A handsome Meadowlark caught in a downpour at The National Bison Range…
Even though it was raining up where we were, here’s the view below…
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- The nest of the Western Meadowlark usually is partially covered by a grass roof. It may be completely open, however, or it may have a complete roof and an entrance tunnel several feet long.
- Although the Western Meadowlark looks nearly identical to the Eastern Meadowlark, the two species hybridize only very rarely. Mixed pairs usually occur only at the edge of the range where few mates are available. Captive breeding experiments found that hybrid meadowlarks were fertile, but produced few eggs that hatched.
- A male Western Meadowlark usually has two mates at the same time. The females do all the incubation and brooding, and most of the feeding of the young.
- The explorer Meriwether Lewis was the first to point out the subtle differences between the birds that would eventually be known as the Eastern and Western Meadowlarks, noting in June 1805 that the tail and bill shapes as well as the song of the Western Meadowlark differed from what was then known as the “oldfield lark” in the Eastern United States.
- John James Audubon gave the Western Meadowlark its scientific name, Sturnella(starling-like) neglecta, claiming that most explorers and settlers who ventured west of the Mississippi after Lewis and Clark had overlooked this common bird.
- In 1914, California grain growers initiated one of the earliest studies of the Western Meadowlark’s diet to determine whether the bird could be designated a pest species. Although they do eat grain, Western Meadowlarks also help limit numbers of crop-damaging insects.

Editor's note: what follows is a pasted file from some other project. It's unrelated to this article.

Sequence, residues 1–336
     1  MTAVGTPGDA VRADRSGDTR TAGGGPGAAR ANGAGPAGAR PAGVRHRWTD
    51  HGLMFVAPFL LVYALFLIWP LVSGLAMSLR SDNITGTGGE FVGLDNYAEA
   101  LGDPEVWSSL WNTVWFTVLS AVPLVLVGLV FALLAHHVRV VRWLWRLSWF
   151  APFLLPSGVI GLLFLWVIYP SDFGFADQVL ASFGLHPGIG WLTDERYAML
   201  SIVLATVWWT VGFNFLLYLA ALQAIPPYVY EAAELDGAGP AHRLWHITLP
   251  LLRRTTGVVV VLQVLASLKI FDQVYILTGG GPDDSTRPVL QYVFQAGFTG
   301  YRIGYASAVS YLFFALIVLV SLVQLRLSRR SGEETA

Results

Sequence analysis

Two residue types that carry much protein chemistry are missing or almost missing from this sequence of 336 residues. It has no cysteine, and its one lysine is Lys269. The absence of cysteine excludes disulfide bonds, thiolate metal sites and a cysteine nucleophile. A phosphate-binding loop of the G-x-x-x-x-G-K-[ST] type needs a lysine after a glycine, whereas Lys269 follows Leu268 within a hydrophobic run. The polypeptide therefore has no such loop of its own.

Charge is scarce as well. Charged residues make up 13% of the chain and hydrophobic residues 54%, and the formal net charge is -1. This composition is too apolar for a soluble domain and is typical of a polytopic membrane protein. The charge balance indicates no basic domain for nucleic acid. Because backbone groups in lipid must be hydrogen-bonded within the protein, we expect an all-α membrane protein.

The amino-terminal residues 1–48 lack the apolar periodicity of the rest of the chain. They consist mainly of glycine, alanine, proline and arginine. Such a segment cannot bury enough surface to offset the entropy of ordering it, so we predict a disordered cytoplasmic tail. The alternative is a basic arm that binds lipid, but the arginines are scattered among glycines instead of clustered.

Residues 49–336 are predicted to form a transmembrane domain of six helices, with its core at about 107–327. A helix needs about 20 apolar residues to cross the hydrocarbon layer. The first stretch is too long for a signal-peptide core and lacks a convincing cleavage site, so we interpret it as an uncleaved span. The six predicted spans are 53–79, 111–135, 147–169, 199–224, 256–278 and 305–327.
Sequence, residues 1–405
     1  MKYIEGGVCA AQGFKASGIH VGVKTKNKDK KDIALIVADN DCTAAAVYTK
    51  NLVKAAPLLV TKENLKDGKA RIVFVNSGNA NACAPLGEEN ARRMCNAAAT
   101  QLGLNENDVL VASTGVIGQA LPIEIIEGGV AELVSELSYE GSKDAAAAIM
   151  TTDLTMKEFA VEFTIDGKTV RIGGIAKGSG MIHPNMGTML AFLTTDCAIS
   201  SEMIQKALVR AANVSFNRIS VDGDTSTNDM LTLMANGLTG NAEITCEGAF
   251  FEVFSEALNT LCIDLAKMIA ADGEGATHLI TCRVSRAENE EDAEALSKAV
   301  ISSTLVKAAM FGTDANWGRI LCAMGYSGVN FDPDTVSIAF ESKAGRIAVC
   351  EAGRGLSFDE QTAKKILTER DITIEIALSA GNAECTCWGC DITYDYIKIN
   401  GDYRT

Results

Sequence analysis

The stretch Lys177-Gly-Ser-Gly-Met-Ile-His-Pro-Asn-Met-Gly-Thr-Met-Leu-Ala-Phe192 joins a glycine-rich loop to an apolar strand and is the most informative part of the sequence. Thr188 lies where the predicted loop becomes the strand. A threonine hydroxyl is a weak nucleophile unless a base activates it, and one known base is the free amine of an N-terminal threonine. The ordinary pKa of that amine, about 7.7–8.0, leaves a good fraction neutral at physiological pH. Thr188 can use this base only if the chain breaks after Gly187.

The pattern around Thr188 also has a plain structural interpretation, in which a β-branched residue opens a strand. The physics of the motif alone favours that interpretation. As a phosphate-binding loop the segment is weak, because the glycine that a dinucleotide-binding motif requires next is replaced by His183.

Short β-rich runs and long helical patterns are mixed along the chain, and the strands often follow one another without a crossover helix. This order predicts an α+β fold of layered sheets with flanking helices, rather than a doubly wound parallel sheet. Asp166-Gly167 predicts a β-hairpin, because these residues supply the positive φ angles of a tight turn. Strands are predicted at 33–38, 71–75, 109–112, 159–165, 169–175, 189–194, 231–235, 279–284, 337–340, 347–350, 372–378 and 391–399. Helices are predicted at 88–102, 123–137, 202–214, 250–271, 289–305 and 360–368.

- Like other members of the blackbird, or icterid, family, meadowlarks use a feeding behavior called “gaping,” which relies on the unusually strong muscles that open their bill. They insert their bill into the soil, bark or other substrate, then force it open to create a hole. This gives meadowlarks access to insects and other food items that most birds can’t reach.
- The Western Meadowlark is the state bird of six states: Kansas, Montana, Nebraska, North Dakota, Oregon, and Wyoming. Only the Northern Cardinal is a more popular civic symbol, edging out the meadowlark by one state.
- More information can be found here…
The return of the Western Meadowlark! I could hear him one morning while checking sheep, so I ran inside and grabbed my camera and took off in the pickup. I spotted him just around the corner of our drive-way. He sat happily and sang a melodious song for me and posed graciously….
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NWMNP Photography Club
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"For heaven's sake (and for the Earth's), let's get it together. Get out there! Listen! The wild places will fill you up. Let them." Walkin' Jim Stoltz, 1953 - 2010
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